Before the State fired him from leading the civil probe into Mississippi’s sprawling welfare-fraud case, attorney Brad Pigott was too “focused on the political side of things,” Republican Gov. Tate Reeves told reporters at the Neshoba County Fair on Thursday.
The scandal involves more than $77 million in Temporary Assistance For Needy Families Funds that never made it to the poor. Instead, former Mississippi State Department of Human Services Director John Davis, working in conjunction with the operators of nonprofits and private schools, allegedly funneled the money into pet projects or into the pockets of wealthy celebrities—including retired NFL quarterback Brett Favre.
On July 22, Pigott told Mississippi Today reporter Anna Wolfe that he believed political actors had him fired because he was “trying to get to the truth” about how $5 million of the TANF money was used to build a volleyball stadium at the University of Southern Mississippi. Pigott, whom Democratic President Bill Clinton once appointed to serve as the U.S. attorney for the Southern District of Mississippi, said he is sure the state “can find a loyal Republican lawyer to do the work.”
In a statement after Pigott’s termination, current MDHS Director Bob Anderson said that Pigott had “made a solid start at moving the litigation along” but had since “made decisions about the litigation and filed pleadings without any prior dialogue with officials at MDHS.”
“Although USM Athletic Foundation is not yet a party in this case, Brad Pigott issued an extensive subpoena to that entity without any prior discussion of the matter with MDHS,” said Anderson, whom Reeves appointed in 2020.
On July 23, Mississippi Today reported emails that show Pigott had sent a draft copy of the subpoena to MDHS’ general counsel and to the Mississippi Attorney General’s Office. Gov. Reeves’ office said in a statement that he “has worked closely with DHS throughout our efforts to recover fraudulent spending” and that “included discussions about the decision not to extend Brad Pigott’s contract.”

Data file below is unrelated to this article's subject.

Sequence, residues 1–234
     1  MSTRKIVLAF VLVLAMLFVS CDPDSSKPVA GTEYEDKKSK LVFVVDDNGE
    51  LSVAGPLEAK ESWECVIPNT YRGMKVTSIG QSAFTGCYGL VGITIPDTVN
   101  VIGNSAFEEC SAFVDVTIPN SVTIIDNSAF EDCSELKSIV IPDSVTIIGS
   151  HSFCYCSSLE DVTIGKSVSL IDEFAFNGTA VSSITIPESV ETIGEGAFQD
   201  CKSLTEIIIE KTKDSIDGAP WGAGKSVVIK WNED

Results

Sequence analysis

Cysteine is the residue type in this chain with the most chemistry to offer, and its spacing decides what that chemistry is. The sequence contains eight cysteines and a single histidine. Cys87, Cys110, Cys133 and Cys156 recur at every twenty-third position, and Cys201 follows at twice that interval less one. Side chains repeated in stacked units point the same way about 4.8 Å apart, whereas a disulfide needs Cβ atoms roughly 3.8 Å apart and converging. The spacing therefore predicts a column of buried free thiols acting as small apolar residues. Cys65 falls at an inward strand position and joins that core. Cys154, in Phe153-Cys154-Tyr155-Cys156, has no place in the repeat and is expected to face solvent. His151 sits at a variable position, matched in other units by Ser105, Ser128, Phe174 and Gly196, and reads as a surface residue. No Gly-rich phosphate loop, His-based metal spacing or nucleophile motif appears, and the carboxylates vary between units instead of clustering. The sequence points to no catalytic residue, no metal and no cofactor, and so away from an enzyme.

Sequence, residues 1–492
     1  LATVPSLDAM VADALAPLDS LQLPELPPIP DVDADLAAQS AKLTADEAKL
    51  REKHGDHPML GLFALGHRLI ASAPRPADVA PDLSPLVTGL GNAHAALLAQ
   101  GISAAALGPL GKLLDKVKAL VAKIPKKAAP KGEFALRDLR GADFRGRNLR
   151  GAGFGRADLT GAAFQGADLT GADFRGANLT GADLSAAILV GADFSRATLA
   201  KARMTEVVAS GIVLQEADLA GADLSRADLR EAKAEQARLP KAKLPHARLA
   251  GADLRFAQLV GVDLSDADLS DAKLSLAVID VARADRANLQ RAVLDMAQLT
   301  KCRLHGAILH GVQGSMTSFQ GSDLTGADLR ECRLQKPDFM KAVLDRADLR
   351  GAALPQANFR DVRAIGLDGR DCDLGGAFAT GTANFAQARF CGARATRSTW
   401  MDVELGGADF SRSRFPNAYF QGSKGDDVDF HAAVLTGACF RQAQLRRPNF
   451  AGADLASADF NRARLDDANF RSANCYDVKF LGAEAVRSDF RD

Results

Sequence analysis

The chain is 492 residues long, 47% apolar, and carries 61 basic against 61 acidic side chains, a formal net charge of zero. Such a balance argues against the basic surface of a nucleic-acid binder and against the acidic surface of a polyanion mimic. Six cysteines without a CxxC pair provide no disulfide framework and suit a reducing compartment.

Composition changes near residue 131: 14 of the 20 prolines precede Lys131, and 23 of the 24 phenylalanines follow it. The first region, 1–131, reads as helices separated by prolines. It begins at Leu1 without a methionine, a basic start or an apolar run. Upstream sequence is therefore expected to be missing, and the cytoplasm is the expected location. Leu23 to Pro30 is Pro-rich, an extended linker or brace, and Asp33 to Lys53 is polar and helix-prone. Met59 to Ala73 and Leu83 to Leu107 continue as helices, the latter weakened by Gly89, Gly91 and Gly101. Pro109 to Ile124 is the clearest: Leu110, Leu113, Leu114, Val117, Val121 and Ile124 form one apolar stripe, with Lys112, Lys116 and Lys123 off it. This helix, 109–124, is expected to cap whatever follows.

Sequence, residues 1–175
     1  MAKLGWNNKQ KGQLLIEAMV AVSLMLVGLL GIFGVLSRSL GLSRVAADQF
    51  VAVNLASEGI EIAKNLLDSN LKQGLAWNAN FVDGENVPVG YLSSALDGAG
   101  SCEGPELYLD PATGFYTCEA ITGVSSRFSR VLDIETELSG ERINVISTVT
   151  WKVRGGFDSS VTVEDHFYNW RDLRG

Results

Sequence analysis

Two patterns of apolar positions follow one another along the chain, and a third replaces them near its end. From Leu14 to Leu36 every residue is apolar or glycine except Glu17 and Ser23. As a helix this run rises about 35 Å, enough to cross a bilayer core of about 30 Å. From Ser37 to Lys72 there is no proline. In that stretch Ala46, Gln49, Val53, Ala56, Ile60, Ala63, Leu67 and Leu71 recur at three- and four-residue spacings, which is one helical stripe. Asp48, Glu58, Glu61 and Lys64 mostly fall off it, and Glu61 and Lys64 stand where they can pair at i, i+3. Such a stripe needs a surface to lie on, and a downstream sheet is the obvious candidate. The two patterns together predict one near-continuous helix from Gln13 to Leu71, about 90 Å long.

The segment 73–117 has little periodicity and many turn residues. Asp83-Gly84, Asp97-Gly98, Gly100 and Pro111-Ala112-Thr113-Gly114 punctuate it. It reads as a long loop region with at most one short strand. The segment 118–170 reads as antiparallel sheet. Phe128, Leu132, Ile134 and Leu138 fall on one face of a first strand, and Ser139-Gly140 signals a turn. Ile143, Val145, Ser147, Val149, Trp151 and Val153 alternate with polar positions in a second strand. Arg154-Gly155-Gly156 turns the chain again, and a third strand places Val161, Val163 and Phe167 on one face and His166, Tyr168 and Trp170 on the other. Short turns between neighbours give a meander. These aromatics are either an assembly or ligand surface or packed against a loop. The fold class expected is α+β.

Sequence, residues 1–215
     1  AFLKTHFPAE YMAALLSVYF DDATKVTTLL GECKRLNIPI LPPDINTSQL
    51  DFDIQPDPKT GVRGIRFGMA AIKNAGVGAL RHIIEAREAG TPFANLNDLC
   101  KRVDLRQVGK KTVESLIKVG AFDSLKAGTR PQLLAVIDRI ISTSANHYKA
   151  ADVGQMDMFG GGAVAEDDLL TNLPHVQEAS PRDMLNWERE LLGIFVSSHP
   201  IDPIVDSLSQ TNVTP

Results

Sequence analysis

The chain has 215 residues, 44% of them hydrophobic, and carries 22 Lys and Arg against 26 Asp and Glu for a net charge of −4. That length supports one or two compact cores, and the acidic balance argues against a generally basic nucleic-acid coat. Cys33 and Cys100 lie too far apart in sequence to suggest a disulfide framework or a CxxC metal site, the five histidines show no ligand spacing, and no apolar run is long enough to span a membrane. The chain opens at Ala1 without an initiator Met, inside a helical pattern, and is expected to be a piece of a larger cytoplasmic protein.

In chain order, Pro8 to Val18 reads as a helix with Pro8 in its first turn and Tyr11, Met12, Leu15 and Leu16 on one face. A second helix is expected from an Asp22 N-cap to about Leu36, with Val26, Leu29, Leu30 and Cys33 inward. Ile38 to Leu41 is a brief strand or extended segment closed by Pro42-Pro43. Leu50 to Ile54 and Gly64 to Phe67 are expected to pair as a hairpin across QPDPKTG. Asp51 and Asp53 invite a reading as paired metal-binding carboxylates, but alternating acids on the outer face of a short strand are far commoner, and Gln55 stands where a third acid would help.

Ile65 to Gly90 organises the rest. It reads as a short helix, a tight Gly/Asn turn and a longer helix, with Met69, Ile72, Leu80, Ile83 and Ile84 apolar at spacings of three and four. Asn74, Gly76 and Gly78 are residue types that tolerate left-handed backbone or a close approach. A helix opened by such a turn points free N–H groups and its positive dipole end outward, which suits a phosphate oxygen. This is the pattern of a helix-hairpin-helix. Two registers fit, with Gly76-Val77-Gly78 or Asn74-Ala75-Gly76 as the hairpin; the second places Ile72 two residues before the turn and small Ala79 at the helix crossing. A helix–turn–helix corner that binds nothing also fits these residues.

Pigott: ‘That Guess By The Governor Is Not Accurate’
At the Neshoba County Fair, Reeves also claimed that “there are outlets that have just made stuff up about why he was not renewed,” Y’all Politics reported. The governor also said the state does not “need a lawyer that focused on trying to be a confidential informant or a source for a left-wing blog,” apparently referring to Mississippi Today.
Asked about the governor’s remark, Pigott offered the Mississippi Free Press a one-sentence reply: “That guess by the governor is not accurate.”
Mississippi Today has not disclosed the sources of leaked text messages and other related documentation it has published, including whether anyone associated with defendants or the prosecution provided the information or why.
(Editor’s note: Pigott has previously donated to the nonprofit organization that publishes the Mississippi Free Press, which does not influence the newsroom’s news coverage and choices.)
‘The Wrong Person To Represent The Taxpayers’
At the Neshoba County Fair yesterday, Reeves accused Pigott of pursuing a political agenda and seeking media attention in the wake of his firing.
“The way in which the attorney has acted since his contract was not renewed has proven to a lot of people why he is the absolutely wrong person to represent the state,” WLBT reported the governor saying. “He is the wrong person to represent the taxpayers because he is much more interested in chasing a political angle than he is in focusing on doing what’s best for the state. … He seemed much more interested in getting his name in print, and hopefully bigger and bigger print than any Mississippi stories. He wants to go national.”